An XID is issued from the 5494. This is an XID format 3 type 2, which you can issue the debug sdlc packet command to view.
Serial1 SDLC input 0046C930: DDBF3244 073000DD 0000B084 00000000?? ...........d.... 0046C940: 00000001 0B000004 09000000 00070010?? ................ 0046C950: 17001611 01130012 F5F4F9F4 F0F0F2F0?? ........54940020 0046C960: F0F0F0F0 F0F0F0F0 0E0CF4D5 C5E3C14B?? 00000000..4NETA. 0046C970: C3D7F5F4 F9F4?????????????????????????????????????????????? CP5494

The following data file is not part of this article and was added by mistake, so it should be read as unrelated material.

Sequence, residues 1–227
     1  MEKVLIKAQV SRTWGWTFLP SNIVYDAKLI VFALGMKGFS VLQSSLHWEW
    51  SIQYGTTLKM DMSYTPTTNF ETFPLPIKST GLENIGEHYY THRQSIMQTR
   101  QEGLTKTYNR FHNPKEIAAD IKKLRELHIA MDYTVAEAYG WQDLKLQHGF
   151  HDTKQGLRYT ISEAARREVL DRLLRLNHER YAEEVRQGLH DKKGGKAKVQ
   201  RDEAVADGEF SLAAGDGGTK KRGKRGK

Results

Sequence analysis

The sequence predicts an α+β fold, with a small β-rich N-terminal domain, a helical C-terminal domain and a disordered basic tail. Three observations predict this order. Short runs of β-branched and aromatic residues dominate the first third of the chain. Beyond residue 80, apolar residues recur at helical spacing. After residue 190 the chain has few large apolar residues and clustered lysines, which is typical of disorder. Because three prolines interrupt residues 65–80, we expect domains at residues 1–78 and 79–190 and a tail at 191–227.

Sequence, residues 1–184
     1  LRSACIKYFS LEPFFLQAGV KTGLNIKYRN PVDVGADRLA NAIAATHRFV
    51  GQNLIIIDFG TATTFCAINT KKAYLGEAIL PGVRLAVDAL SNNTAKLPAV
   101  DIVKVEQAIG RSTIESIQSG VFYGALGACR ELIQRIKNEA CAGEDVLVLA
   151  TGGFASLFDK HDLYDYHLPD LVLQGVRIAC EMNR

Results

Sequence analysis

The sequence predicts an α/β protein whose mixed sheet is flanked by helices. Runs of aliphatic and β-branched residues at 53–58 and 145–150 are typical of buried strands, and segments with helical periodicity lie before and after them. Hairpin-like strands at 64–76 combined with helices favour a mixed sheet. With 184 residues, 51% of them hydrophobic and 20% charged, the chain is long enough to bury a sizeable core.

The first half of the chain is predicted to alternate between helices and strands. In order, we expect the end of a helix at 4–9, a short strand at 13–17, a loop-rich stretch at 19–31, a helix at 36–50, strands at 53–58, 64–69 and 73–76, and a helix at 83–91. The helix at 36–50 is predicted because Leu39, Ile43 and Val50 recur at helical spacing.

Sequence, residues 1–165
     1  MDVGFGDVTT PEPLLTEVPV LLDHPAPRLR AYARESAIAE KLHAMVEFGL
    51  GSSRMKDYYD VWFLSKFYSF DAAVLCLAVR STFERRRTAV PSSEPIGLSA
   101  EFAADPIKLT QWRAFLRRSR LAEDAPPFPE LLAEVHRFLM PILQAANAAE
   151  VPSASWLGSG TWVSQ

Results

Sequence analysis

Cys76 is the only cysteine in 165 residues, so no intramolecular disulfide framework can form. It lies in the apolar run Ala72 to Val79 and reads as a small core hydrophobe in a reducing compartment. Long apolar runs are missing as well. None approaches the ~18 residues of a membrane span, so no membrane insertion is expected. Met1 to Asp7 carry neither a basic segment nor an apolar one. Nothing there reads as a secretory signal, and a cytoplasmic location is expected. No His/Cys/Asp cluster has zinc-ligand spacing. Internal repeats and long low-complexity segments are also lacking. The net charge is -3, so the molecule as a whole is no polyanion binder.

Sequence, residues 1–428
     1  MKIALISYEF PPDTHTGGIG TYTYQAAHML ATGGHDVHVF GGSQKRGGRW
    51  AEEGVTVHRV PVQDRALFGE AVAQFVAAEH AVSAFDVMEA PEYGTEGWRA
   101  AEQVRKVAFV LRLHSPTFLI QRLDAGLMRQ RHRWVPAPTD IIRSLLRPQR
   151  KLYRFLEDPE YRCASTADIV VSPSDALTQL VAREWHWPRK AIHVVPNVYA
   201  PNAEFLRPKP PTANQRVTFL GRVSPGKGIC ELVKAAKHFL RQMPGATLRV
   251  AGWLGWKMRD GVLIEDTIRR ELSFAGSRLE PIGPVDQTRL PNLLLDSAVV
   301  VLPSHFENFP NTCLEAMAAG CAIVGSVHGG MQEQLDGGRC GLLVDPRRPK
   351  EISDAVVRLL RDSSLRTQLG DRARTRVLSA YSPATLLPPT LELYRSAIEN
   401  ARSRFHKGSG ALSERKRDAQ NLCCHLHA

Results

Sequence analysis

Though this document does not provide the full details necessary to parse this XID, this is a description of some of the fields:
073000DD???The block ID and the ID number that is configured in the 5494. Together, they are referred to as the XID, and they are sent by the 5494 to the peer, during session negotiation.
NETA???The Advanced Peer-to-Peer Networking (APPN) Network Identifier (NETID) that is being used. It should normally match the NETID that is configured in the peer. In this case, the peer is an AS/400.
CP5494???The control point name of the 5494.
The XID is issued from the AS/400.